If I shift perspectives for a moment, I can begin to grasp an elementary idea of what might actually be an answer. I am a parent. I took part in a creative act with my incredible wife which led to the birth of three children. I saw each of my three children as they emerged from the womb into the world. They were perfect; they were unclothed; they could do nothing that was wrong, no possibility to commit any conceivable sin. And, as far as I could tell, in the beginning of each of their lives, they were Eve and Adam in their turn. Their presence in my life evoked a sense of awe. All doubts were cast aside. I believed.

Time passed and these incredible little beings began to be aware of us as parents and themselves. I watched in fascination as they became more and more conscious of life. Life began to be difficult for them. In place of a one-ness with their universe, consciousness brought separation. Consciousness brought an end to their life in paradise. And when I think back on the story of creation, it was consciousness that caused Adam and Eve to become aware of their separateness from God and the Garden. A little bit of knowledge does more harm than good as they quickly found out. With consciousness came suffering for my children as well as for Adam and Eve. God sent them out of the Garden; and in time, I sent out my children into their own adult lives. I have to assume that God has more love within her/him than I do; and with that being the case, the door to come back home will remain open and that the return to the Garden will be a return to perfection. The difference will be that the return will be a return to Paradise as fully conscious beings; beings that have eaten of the fruit of life to its fullest. The return as fully conscious beings to the Garden where clothing will not be an option, for shame will no longer exist. There will no longer be a motive for hiding the perfection of creation.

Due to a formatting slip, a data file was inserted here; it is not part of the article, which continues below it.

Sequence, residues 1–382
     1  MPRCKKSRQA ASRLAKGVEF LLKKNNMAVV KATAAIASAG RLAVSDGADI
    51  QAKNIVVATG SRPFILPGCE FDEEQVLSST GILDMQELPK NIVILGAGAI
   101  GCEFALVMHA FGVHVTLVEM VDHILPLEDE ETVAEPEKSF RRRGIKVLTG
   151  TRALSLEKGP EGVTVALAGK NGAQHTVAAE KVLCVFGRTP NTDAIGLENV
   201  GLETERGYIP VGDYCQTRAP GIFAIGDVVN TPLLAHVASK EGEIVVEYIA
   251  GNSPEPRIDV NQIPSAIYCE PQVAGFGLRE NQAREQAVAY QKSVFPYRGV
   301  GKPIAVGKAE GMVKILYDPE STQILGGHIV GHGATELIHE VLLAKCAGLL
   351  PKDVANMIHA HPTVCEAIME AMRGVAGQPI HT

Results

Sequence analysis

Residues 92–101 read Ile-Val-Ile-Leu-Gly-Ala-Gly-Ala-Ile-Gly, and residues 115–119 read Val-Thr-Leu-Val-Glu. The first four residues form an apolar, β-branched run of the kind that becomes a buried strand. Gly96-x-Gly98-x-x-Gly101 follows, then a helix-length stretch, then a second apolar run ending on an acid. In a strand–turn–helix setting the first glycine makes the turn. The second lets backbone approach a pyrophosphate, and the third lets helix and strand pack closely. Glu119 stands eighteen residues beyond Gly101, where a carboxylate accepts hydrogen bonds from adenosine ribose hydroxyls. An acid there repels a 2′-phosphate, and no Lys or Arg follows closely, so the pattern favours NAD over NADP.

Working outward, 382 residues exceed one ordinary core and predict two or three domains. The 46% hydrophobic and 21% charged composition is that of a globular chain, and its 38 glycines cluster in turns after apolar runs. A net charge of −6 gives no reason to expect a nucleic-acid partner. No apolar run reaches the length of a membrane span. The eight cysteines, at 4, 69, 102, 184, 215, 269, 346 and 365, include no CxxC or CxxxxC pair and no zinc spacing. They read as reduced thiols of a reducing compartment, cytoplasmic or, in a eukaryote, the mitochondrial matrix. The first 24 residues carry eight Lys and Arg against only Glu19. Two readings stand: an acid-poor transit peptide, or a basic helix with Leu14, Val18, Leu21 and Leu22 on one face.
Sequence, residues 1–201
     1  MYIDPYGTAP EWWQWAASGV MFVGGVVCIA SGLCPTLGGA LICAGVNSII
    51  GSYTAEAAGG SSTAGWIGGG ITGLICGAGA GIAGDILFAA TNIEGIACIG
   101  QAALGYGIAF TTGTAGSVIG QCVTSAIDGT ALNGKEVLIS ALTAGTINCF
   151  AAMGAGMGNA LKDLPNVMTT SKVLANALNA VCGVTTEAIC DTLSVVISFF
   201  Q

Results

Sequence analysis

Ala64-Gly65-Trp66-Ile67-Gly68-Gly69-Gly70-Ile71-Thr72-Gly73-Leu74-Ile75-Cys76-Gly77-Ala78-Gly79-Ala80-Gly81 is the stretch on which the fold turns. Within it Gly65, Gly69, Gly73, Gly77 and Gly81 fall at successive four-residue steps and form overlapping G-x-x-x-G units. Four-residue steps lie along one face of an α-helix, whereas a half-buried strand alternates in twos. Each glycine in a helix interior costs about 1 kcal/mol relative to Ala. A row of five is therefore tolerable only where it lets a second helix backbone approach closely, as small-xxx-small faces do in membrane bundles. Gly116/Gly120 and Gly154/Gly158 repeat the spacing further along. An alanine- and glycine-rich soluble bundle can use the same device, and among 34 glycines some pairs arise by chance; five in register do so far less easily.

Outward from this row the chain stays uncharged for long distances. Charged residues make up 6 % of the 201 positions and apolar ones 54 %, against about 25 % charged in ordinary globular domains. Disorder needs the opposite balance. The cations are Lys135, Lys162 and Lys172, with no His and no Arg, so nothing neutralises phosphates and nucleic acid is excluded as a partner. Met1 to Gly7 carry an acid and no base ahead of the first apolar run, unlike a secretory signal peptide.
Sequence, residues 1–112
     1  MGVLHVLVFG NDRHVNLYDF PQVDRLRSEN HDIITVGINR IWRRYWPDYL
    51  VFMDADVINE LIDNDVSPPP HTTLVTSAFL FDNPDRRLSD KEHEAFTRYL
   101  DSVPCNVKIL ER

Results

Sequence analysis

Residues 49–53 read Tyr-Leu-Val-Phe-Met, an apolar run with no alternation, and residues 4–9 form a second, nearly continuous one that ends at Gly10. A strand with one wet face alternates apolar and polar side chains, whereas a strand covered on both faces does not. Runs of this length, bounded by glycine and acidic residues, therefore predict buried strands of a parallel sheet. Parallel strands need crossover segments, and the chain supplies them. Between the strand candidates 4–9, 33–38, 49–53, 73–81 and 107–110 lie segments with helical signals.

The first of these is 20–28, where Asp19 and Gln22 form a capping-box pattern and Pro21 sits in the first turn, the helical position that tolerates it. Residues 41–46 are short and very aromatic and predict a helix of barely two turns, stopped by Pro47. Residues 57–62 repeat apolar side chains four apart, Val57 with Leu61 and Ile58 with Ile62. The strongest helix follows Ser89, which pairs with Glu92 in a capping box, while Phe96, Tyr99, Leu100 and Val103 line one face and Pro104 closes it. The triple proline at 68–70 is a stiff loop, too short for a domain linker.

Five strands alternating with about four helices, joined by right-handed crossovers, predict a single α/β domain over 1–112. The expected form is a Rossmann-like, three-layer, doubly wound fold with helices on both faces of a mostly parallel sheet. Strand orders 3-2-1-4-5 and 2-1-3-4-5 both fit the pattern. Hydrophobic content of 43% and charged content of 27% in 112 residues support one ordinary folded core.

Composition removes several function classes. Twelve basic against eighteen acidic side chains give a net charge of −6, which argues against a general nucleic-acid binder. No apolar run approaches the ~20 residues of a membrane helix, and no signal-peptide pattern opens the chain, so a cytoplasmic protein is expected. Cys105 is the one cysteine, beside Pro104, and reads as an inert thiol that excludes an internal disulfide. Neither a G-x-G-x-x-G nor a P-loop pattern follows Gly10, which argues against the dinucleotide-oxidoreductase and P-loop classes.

About A Naturist's Lens

I am a therapist that focuses on the use of active imagination, photograph, dreamwork and Jungian Psychology in order to uncover the whole person hidden beneath layers of personae, complexes and clothing.

Posted on June 2, 2013, in Buddhism, Jungian Psychology and tagged , , , , , , , , , , , , , , , . Bookmark the permalink. 3 Comments.

  1. I’ve been reading through the last several of your blog-posts, and, again, find them stimulating and provocative. Thank you for writing: and thank you for sharing your own pain, your history of abuse, as well as your celebration of good things that have happened — such as your relationship with your understanding and sympathetic wife. I dare say that one of the things that is really fortunate about your relationship with her is that she gives you liberty to pursue your journey as a nudist more openly — not least, perhaps, because she recognizes the healing and the wholeness that it gives you.

    A number of things you write about could be a part of my story as well. I don’t share your history of abuse: unless a terribly repressed childhood (particularly sexually) and the justification of that repression by religious fundamentalism could be counted as “abuse” (and I often think that it could be, in fact).

    But you write about the “shadow” of nudism (one aspect of which is pornography; one doesn’t go far from your blog to find some pretty strange stuff): I wonder if Thomas Moore’s early book, Dark Eros, might not be useful for understanding this more deeply.